BCB2015 - Mezcal Tasting 02

©Michael Mortlock

Maguey farming is very labour intensive, with weeks of hard work and preparation needed to make just a single batch of the smoky, fiery liquid. Many of Mexico’s family-owned mezcal producers date back over five generations and are well respected within the country. The culture of mezcal is highly regarded as a source of the nation’s heritage due to its traditional origins, while the trading of certified mezcal supports local farmers.

“There are no obstacles, the problems that exist are for the campesinos (peasants), the producers that normally sell their product to bigger companies for quite little money”. Luckily, due to the recent increase in consumer demand globally for quality, handmade and traditional products, including those that are fair trade and which use organic farming methods, products like mezcal are drawing interest overseas as retailers keep an eye out for quality, niche products. “Because there is a global tendency that industrialised products are not much appreciated anymore, people are aware of what they eat and drink and they appreciate handmade and organic products a lot more these days”, says Clandestino.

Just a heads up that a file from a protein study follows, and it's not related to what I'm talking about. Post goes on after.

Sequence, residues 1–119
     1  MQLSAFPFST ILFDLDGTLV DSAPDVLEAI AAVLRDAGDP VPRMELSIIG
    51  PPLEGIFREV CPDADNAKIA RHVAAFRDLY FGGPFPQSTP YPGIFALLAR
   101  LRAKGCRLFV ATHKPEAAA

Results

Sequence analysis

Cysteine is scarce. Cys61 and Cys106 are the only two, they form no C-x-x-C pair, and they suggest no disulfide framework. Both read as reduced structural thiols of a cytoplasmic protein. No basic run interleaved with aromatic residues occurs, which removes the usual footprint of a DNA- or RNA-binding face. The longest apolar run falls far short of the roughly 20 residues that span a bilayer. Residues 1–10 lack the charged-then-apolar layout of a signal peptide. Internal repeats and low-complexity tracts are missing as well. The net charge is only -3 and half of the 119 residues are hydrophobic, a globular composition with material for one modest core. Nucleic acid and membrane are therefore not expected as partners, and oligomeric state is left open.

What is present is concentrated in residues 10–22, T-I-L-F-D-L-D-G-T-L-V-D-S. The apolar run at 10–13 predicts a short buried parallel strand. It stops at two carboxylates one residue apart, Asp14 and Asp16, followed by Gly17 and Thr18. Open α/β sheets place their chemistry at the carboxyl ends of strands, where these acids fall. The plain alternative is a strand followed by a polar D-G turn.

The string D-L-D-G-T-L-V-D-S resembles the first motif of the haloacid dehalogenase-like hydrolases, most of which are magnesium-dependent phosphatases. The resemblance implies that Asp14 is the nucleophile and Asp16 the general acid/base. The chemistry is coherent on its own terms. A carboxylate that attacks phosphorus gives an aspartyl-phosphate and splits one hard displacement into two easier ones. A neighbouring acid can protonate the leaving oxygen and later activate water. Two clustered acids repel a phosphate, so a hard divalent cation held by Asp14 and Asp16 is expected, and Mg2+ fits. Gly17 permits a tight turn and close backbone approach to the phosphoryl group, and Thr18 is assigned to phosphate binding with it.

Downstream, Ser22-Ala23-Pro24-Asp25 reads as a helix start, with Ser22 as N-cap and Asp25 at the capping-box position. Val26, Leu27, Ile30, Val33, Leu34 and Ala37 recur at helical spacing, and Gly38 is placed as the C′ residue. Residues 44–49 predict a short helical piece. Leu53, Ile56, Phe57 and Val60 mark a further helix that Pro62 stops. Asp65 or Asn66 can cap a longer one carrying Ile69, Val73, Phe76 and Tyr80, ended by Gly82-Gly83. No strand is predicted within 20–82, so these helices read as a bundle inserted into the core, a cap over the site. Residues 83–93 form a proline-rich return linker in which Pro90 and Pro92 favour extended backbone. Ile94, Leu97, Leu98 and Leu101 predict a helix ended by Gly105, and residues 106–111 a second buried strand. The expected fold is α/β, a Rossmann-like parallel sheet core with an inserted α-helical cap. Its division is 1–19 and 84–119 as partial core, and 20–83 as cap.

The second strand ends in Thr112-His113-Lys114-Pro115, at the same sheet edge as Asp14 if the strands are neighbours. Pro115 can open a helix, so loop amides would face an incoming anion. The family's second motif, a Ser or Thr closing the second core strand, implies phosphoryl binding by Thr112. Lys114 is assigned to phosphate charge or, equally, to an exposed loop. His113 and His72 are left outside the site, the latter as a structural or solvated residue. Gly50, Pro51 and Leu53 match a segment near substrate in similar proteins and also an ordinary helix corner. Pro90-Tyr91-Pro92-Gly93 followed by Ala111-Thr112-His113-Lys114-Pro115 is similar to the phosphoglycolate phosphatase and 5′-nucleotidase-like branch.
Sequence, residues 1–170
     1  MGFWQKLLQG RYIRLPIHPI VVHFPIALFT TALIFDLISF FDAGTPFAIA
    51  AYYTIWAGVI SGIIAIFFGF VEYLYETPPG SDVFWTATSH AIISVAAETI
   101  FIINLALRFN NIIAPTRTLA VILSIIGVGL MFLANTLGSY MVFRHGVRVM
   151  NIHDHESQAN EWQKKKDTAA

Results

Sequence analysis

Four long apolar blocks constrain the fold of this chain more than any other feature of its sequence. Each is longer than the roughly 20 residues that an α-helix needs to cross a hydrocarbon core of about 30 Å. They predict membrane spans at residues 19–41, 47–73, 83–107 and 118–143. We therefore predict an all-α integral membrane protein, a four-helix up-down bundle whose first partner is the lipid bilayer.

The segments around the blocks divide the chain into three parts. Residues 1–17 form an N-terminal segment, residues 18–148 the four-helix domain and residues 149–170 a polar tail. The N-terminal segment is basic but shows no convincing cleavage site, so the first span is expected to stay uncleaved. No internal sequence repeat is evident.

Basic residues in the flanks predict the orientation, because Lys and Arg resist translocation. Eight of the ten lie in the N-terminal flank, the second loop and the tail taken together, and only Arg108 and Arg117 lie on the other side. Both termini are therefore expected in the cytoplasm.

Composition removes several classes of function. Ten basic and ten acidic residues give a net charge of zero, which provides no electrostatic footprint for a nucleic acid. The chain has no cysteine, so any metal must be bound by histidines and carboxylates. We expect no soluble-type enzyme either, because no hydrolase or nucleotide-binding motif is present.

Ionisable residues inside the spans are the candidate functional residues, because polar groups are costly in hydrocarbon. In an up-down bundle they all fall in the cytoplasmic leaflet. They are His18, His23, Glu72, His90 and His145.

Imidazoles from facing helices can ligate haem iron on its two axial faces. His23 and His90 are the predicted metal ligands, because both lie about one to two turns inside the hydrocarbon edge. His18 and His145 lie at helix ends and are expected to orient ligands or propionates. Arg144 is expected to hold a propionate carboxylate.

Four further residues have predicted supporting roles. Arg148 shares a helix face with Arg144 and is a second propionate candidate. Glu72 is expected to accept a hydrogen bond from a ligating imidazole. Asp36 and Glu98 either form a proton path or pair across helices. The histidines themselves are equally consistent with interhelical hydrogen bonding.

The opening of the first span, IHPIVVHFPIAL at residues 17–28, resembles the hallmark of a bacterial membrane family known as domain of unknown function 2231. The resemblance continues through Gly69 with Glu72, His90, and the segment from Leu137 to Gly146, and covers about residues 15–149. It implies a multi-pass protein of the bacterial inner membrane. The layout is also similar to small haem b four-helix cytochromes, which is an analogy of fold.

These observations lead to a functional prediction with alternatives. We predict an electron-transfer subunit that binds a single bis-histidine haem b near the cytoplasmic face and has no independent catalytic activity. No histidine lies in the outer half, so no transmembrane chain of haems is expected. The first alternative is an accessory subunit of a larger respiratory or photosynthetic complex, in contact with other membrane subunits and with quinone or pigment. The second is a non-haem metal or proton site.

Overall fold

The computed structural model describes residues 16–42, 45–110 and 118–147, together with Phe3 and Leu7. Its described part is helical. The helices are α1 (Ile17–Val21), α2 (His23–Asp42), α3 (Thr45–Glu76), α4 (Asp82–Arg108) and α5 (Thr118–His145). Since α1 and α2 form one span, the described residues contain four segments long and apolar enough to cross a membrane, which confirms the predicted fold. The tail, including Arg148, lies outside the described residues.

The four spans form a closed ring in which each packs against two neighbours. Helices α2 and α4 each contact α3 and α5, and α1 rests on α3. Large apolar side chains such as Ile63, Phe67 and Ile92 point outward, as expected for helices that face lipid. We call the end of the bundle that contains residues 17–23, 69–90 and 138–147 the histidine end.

Clandestino sees the development of mezcal’s future in an excited yet realistic way. “Unfortunately there will be, like always, industrialised mezcals, because there is always the demand for faster productions, bigger batches and less cost. But with people being more aware of the origins and wanting organic products, the real culture of mezcal will spread wider and wider”.

Clandestino is an importer of premium Mexican mezcal in Europe. His products can be purchased through his mobile mezcaleria, Mezcaleria Ambulante (



On the origin of the name Clandestino:

The figure is a tribute to all persecuted artisans who had to sell their products in a hidden way for years and years, since the Spanish colony in Mexico until 20 years ago, during which the sale of mezcal was forbidden in order to help producers of other spirits.


Clandestinos favourite way/place to drink mezcal:

“Pure and accompanied by a very good ’mole’ (a traditional Mexican dish characterised by a sauce flavoured with chocolate) in Tlacolula, Oaxaca.”


Mezcal cocktail recipe:

The “Perez-Müller”: Clandestino’s simple favourite

Take a large beer jug

Fill at least half of it with ice cubes

Add 5cl of mezcal – Bruxo 1

2cl lemon juice

Sweeten with agave syrup (as desired)

Top up with Aqua Monaco – Hot Ginger

Add a slice of cucumber

There you go – enjoy!